SEASIDE, Calif., May 20, 2020 - Two CSUMB undergraduate students took top awards at the 34th Annual California State University (CSU) Student Research Competition on April 24. CSU East Bay hosted this year’s event, which was virtual for the first time because of the coronavirus pandemic.
Sarah Ricks, a business administration major and Undergraduate Research Opportunities Center (UROC) student, earned first place in the Business, Economics and Public Administration category with her presentation, “Social Media Use of Mothers from India: Empowering Mother's Spending on Children's Education.”
Selina Espinoza, a psychology major and UROC McNair Scholar, placed second in the Health, Nutrition and Clinical Sciences category with “Cannabis Use and Perceptions Among Veterans with Post-Traumatic Stress Disorders.”
The winners were two of six undergraduate delegates selected by the CSUMB Research Scholarship Creative Activity (RSCA) committee to participate in the competition. It is held each spring to promote excellence in undergraduate and graduate scholarly research and creative activity by recognizing outstanding students across the 23 CSU campuses.
“The committee was impressed with the quality of the proposals and the enthusiasm demonstrated by the student-mentor relationship. This experience is a critical part of the student learning experience and will hopefully inspire these students to continue on their journey of research, discovery and creative activity,” said Kent Adams, RSCA committee and kinesiology department chairperson.
Rick’s research, a collaboration between the Indian Institute of Management, Ahmedabad in India and CSUMB, examines the impact of active versus passive social media usage on the psychological empowerment of Indian mothers. It analyzed how empowerment influences income allocation towards children’s education.
“Increasing spending on children's education can really impact academic outcomes, so this research could help India's next-generation improve their educational achievement,” Ricks said.
“When I first started in UROC, I knew so little about research I never could have imagined that I'd get to this point. I'm so grateful for UROC and especially my mentor, Dr. Jenny Lin, who has helped me significantly along the way.”
An assistant professor in the College of Business, Lin said the award for Rick’s research “challenges a perception that business is only about making profits.”
“There is also another side of business and marketing that is often overlooked, and that is how business CAN do good. The type of research we conduct brings in those lenses where marketing research could be advocates for consumers, could better understand the needs and behaviors of consumers, so that businesses can better tailor to them in ways that advance the well-being of consumers,” Lin said.
She encouraged students and her colleagues to take on undergraduate research.
“Undergraduate research should not be overlooked. This is where student researchers start their journey of lifelong learning. I hope that this opens eyes for undergraduate students, especially those studying business, that graduate school is a path,” Lin said.
“For colleagues that are still skeptical about involving undergraduate students in their research: Indeed, it is not easy. … But when interested students come by, open the door and give them the opportunity. They might surprise you.”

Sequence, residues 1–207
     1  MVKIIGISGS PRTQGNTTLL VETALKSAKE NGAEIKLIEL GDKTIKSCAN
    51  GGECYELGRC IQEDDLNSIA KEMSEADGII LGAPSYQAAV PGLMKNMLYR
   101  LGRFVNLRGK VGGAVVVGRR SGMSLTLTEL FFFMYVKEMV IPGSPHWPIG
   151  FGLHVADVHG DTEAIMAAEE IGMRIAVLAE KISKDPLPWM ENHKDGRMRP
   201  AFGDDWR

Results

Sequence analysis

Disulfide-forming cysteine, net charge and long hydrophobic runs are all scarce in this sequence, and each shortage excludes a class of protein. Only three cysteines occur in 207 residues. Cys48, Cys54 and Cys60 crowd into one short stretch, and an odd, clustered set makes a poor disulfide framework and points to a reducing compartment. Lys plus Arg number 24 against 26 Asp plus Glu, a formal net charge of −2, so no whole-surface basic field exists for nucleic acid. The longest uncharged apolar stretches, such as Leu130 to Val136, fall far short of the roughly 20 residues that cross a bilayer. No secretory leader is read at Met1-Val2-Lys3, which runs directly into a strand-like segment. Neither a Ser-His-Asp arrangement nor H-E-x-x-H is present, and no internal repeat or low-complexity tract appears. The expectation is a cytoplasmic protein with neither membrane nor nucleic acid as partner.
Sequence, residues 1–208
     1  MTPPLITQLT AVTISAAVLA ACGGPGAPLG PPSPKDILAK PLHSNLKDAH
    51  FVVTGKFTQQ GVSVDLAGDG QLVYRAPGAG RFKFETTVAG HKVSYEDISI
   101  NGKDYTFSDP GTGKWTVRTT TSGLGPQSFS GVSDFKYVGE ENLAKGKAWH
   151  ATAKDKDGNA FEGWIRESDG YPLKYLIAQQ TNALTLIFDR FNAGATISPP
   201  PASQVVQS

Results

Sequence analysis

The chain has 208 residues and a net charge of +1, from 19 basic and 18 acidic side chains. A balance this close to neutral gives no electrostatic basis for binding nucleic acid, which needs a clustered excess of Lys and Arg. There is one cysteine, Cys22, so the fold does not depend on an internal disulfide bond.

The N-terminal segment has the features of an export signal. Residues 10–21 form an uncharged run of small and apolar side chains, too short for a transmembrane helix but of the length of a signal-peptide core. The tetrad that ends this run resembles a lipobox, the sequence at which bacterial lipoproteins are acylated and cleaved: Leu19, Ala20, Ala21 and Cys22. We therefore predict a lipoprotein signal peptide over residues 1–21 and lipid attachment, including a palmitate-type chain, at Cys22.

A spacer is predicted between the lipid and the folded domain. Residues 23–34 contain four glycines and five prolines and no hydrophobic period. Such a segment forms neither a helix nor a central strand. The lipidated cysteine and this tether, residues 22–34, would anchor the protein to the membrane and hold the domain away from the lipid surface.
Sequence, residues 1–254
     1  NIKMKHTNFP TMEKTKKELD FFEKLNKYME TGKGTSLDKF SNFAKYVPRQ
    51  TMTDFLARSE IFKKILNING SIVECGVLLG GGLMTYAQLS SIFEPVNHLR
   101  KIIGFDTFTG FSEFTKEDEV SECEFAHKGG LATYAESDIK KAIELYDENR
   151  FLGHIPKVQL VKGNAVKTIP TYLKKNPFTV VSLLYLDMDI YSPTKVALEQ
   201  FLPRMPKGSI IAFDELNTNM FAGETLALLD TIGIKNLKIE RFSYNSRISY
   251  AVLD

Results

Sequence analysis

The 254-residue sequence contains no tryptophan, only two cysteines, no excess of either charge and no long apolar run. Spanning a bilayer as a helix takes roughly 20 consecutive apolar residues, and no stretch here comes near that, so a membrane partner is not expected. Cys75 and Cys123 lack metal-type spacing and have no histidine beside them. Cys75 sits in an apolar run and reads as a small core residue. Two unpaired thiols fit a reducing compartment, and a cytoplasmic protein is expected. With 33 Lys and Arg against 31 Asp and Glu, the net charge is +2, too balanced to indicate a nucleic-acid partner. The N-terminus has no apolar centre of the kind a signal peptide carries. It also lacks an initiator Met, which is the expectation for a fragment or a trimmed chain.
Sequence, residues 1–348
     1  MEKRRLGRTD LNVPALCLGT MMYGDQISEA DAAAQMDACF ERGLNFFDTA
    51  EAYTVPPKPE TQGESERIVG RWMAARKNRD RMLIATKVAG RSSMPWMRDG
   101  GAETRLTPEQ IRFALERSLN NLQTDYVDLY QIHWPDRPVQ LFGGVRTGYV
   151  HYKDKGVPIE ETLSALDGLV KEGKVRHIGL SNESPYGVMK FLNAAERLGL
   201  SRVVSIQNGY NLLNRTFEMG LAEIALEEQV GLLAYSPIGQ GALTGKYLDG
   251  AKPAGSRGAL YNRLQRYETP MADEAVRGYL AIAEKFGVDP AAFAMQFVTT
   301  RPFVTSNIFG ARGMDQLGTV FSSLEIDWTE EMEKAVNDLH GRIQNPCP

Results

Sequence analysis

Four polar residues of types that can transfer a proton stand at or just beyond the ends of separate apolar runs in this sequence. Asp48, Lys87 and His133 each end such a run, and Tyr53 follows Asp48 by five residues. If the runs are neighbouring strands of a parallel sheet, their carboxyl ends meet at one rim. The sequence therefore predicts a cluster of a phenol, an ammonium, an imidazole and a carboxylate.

The co-owner of a local business, Ricks plans to apply to a marketing research graduate program that integrates statistics, data science and psychology. She is also a parent who has followed her mother’s example by pursuing higher education.
"My mom went back to school when I was a kid, and I got to watch her walk at graduation. And it feels like things have come full circle, now that I'll be graduating in a few weeks and my kids will get to see me (eventually) walk at my own graduation ceremony,” she said.
Espinoza’s research, part of a summer research experience led by Kent Hutchison and Raeghan Mueller at the Colorado University, Center for Health and Neuroscience, Genes, and Environment lab, provides insight into veterans' experience with cannabis and the therapeutic implications it has on their post-traumatic stress disorder symptoms.
“This award validates Selina's work and demonstrates that cannabis research can be respected and appreciated in the fields of health and social science,” said Jennifer Lovell, Espinoza’s faculty mentor and an assistant professor of psychology.
“It has given her extra motivation to continue this path for research and graduate study, and it is a timely topic for advocacy around the therapeutic use of cannabis."
After graduation in the fall, Selina plans to pursue a doctorate in health or clinical psychology with the goal of becoming a psychology professor with her own cannabis research lab.
Espinoza said the award is special to her because it proves cannabis research is supported, and students like herself, who identify as low-income and first-generation, can thrive in higher education.
“I’m grateful for the experience as it was an amazing opportunity to learn, grow, and inspire. I would definitely recommend this competition to others because it's a great learning experience,” Espinoza said.
“This competition is an amazing platform to share your research with a large academic audience. Research is a beautiful and transformative craft that should be shared with the public in a manner in which they can comprehend it.”